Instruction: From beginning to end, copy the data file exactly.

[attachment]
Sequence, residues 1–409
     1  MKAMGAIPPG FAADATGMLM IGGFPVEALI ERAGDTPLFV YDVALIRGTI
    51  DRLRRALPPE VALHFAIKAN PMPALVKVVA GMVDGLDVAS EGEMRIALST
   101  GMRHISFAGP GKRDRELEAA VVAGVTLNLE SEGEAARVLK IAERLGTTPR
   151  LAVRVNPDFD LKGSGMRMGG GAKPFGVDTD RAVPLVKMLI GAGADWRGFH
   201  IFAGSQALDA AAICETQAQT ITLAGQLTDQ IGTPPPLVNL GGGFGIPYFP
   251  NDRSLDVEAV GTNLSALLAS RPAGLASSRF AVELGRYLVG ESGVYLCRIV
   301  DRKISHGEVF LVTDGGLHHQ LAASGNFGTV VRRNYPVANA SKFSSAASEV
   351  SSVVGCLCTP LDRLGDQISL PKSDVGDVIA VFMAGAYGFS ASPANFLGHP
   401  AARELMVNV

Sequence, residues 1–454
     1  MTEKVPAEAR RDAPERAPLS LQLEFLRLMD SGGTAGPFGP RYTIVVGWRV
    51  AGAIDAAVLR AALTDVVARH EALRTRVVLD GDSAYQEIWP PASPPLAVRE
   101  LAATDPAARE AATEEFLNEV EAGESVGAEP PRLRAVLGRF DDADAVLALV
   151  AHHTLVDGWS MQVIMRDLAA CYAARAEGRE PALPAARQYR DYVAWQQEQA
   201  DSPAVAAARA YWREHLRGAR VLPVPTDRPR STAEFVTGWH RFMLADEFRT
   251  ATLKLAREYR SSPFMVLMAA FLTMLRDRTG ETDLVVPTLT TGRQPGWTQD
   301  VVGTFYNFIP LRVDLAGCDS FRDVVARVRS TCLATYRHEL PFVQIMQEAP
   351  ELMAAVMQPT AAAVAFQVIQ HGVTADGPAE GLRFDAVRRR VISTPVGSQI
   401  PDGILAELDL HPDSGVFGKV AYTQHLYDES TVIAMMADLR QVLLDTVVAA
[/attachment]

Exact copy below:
Sequence, residues 1–409
     1  MKAMGAIPPG FAADATGMLM IGGFPVEALI ERAGDTPLFV YDVALIRGTI
    51  DRLRRALPPE VALHFAIKAN PMPALVKVVA GMVDGLDVAS EGEMRIALST
   101  GMRHISFAGP GKRDRELEAA VVAGVTLNLE SEGEAARVLK IAERLGTTPR
   151  LAVRVNPDFD LKGSGMRMGG GAKPFGVDTD RAVPLVKMLI GAGADWRGFH
   201  IFAGSQALDA AAICETQAQT ITLAGQLTDQ IGTPPPLVNL GGGFGIPYFP
   251  NDRSLDVEAV GTNLSALLAS RPAGLASSRF AVELGRYLVG ESGVYLCRIV
   301  DRKISHGEVF LVTDGGLHHQ LAASGNFGTV VRRNYPVANA SKFSSAASEV
   351  SSVVGCLCTP LDRLGDQISL PKSDVGDVIA VFMAGAYGFS ASPANFLGHP
   401  AARELMVNV

Sequence, residues 1–454
     1  MTEKVPAEAR RDAPERAPLS LQLEFLRLMD SGGTAGPFGP RYTIVVGWRV
    51  AGAIDAAVLR AALTDVVARH EALRTRVVLD GDSAYQEIWP PASPPLAVRE
   101  LAATDPAARE AATEEFLNEV EAGESVGAEP PRLRAVLGRF DDADAVLALV
   151  AHHTLVDGWS MQVIMRDLAA CYAARAEGRE PALPAARQYR DYVAWQQEQA
   201  DSPAVAAARA YWREHLRGAR VLPVPTDRPR STAEFVTGWH RFMLADEFRT
   251  ATLKLAREYR SSPFMVLMAA FLTMLRDRTG ETDLVVPTLT TGRQPGWTQD
   301  VVGTFYNFIP LRVDLAGCDS FRDVVARVRS TCLATYRHEL PFVQIMQEAP
   351  ELMAAVMQPT AAAVAFQVIQ HGVTADGPAE GLRFDAVRRR VISTPVGSQI
   401  PDGILAELDL HPDSGVFGKV AYTQHLYDES TVIAMMADLR QVLLDTVVAA